Author of two reference books (“Muslim Brotherhood, the inner circle” and “The neo-Muslim Brotherhood in the West”), Lorenzo Vidino is one of the most prominent specialists on the Islamist Brotherhood in Europe. In this interview, he explains how the Muslim Brotherhood’s hidden real estate investments bring in tens of millions of euros every year.Interview By Atmane Tazaghart
– The case of Imam Iquioussen, whom the French authorities are seeking to expel, had the “collateral damage” of revealing the “war chest” of real estate held, under various nominees, by the Muslims Brotherhood, in France as everywhere in Europe. What strategy are these real estate acquisitions part of?
– Lorenzo Vidino: Let me give you a general answer/comment. I am hesitant to discuss the specifics of the Iquioussen case because I don’t have all the details. But let me say that, in general, the European Brotherhood has long developed a strategy to create a system to generate its own funds in order to supplement the large funding that it has historically come from the Arab Gulf, and that in recent years, with the exception of Qatar, has largely shrunk, and the funds connected within the community through zakat and the network’s charities.
– Since the beginning of the 1990s, Hassan Iquioussen, a simple preacher who is officially “unemployed”, has built up a huge estate comprising around thirty flats for rent. How do you explain that in more than thirty years, he has never been questioned about the origin of the funds that made these property purchases possible, nor about the final destination of the income from their rental?
– This is a difficult subject to investigate, because the Brothers, in all European countries, have set up quite sophisticated financial structures and have tried to hide them as much as possible.
– According to the former Muslim brother, Mohamed Louizi, Imam Iquioussen is not an isolated case. According to him, there are hundreds of similar cases of members or sympathizers of the Muslim Brotherhood serving as nominees for the Brotherhood’s real estate purchases across Europe. How much could you estimate the value of this “real estate empire” held by the Muslim Brotherhood in Europe?
– Some of the Muslim Brotherhood’s financial activities are related to the management of Islam as a cult: certification and distribution of halal meat, organisation of religious pilgrimages to Mecca, etc. These activities allow the Muslim Brotherhood network to raise funds, while at the same time carrying out activities that place them in the position of leaders who manage Muslim life in Europe, which is one of their main objectives. Other activities are purely financial and have no Islamic aspect. In the United States, where the Muslim Brotherhood’s financial structure is perhaps the most sophisticated in the West, we see massive activities in areas ranging from software companies (as revealed in the famous case of various computer companies in the US linked to the financing of Hamas), to real estate investments, and even a series of poultry factories.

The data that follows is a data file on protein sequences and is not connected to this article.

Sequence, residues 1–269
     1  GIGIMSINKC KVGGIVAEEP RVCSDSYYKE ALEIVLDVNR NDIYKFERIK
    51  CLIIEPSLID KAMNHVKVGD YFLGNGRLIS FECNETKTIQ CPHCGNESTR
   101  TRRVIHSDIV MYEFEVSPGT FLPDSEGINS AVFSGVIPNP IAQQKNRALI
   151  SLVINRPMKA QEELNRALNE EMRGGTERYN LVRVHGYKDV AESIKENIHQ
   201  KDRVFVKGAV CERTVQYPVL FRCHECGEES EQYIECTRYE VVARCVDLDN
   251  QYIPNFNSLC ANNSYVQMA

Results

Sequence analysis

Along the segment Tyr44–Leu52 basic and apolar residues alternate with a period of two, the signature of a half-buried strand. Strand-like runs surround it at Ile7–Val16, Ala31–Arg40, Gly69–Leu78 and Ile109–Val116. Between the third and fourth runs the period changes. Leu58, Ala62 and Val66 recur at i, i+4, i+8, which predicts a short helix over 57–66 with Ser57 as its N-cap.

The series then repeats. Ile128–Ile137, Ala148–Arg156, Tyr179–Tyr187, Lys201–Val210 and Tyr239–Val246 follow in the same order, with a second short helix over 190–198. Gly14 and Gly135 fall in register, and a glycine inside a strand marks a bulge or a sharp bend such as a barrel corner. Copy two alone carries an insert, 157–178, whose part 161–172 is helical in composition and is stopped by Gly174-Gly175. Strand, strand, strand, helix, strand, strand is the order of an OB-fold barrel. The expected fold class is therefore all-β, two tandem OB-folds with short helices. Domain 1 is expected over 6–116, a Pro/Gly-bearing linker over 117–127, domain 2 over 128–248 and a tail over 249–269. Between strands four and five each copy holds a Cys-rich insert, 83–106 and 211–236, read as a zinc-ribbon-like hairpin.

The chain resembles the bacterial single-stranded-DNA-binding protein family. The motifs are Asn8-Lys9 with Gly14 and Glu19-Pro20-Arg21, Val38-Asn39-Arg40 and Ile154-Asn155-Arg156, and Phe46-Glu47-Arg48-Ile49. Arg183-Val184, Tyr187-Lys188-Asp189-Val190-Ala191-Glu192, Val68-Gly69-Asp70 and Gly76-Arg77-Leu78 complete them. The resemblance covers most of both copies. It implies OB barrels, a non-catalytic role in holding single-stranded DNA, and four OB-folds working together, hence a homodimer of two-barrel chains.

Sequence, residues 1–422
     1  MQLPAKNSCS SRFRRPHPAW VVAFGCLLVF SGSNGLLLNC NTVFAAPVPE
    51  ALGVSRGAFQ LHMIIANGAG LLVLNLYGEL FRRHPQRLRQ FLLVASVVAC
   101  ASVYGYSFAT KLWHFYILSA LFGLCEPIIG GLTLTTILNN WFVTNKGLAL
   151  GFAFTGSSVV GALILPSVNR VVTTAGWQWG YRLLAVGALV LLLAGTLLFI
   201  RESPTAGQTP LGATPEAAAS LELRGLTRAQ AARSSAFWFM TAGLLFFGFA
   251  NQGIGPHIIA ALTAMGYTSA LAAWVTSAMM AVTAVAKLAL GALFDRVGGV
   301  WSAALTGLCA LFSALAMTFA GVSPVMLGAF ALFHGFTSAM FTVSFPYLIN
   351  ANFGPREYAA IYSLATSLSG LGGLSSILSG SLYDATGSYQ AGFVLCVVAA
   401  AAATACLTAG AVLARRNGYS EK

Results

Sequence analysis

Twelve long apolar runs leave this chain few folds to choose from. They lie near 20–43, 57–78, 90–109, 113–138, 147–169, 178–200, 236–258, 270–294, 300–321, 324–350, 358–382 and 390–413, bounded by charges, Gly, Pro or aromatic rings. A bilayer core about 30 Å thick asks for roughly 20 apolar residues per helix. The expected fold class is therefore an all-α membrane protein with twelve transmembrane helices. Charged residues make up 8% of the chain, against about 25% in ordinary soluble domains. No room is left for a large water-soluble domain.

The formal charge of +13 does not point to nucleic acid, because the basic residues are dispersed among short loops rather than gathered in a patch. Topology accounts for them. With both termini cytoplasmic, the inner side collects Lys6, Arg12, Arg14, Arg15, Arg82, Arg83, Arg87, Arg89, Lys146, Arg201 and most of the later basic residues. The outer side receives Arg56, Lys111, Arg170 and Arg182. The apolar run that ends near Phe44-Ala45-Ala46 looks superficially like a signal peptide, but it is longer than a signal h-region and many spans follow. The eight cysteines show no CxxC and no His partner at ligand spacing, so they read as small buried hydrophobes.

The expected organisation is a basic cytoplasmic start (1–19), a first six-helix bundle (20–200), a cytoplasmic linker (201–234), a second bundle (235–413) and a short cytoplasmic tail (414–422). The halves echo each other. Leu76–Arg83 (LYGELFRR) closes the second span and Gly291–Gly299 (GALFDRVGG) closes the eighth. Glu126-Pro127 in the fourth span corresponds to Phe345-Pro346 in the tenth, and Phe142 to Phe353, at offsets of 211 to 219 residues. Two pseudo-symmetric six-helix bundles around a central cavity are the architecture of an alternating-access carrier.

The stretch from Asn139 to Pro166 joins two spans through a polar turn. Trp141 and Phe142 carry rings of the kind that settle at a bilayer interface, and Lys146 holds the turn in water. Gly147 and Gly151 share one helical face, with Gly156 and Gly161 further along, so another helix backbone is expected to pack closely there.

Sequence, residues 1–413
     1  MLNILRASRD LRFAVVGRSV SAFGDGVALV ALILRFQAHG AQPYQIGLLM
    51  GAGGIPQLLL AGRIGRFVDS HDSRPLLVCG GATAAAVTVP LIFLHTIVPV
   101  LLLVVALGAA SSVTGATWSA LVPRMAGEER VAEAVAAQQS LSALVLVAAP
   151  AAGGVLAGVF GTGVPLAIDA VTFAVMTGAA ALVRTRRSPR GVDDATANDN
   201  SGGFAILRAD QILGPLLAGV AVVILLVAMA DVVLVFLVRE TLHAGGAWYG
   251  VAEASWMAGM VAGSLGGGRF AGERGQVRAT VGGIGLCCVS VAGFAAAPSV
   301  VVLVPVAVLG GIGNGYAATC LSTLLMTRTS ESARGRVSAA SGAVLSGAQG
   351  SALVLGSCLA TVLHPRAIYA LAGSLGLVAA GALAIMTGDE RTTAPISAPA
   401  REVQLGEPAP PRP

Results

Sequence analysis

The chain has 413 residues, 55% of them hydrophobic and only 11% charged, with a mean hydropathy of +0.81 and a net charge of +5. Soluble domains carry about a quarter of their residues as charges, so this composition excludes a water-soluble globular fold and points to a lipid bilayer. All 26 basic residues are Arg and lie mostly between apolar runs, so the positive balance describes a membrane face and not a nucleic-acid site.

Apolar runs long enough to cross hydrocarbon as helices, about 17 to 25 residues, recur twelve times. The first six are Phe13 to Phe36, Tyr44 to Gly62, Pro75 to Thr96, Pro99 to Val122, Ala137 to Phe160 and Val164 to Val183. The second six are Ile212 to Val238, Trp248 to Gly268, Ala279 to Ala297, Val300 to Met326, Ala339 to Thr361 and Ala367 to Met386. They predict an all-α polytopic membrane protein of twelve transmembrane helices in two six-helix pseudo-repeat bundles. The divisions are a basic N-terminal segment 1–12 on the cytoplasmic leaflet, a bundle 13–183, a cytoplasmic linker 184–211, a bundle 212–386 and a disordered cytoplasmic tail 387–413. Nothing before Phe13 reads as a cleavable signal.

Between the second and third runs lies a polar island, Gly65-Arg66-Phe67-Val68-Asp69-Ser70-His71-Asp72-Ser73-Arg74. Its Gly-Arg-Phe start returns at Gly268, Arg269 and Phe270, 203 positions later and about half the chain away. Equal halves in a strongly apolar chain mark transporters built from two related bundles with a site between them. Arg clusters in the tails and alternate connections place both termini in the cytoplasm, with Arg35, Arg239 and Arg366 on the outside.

– Since the episode of the Brotherhood’s bank al-Taqwa, which went bankrupt in the aftermath of 9/11 attacks, Al Tanzim Al Dawli, the international organization of the Muslim Brotherhood, has converted most of the ‘‘war treasury’’ of the Brotherhood in real estate investments spread over several European countries and operated via nominees with the aim of escaping controls and the risks of having these assets frozen. How much would you estimate the value of this “real estate empire” held by the Muslim Brotherhood in the West?
– These hidden and well-managed activities generate tens of millions of euros per year. And this money is then returned to the Brotherhood, through various intermediary entities (other companies, financial trusts, non-profit organisations) and thus ends up financing the activities of the Muslim Brotherhood.
– Why choosing real estate? And why is the bulk of the Brotherhood’s investments in UK and Austria?
– Similar dynamics are taking place throughout Europe, albeit often on a smaller scale. And real estate is one of the main activities. Some of the key players in the Muslim Brotherhood network in Europe are personally involved in real estate. Ahmed al Rawi in the UK and Ibrahim El Zayat in Germany [two key figures within the Muslim Brotherhood’s real estate empire in Britain and Austria] personally own large property portfolios. And, perhaps not coincidentally, both men have long been involved in the Europe Trust, which is the main financial entity of the Muslim Brotherhood network, essentially buying property on behalf of Muslim Brotherhood-related entities across Europe.
Lorenzo Vidino is a leading scholar of Islamology and director of the Program on Extremism at George Washington University. A specialist in Islamism in Europe and North America, his research over the past 20 years has focused on the mobilisation dynamics of Islamist networks in the West and government policies to counter radicalisation. With a particular interest in the Muslim Brotherhood, to which he has devoted numerous studies and two reference books: “The New Muslim Brotherhood in the West” (Columbia University Press, New York, 2010) and “Muslim Brotherhood: The inner circle – How membership and dissent within the Brotherhood in the West operate” (Columbia University Press, New York, 2020 / Global Watch Analysis, Paris, 2021, for the French edition).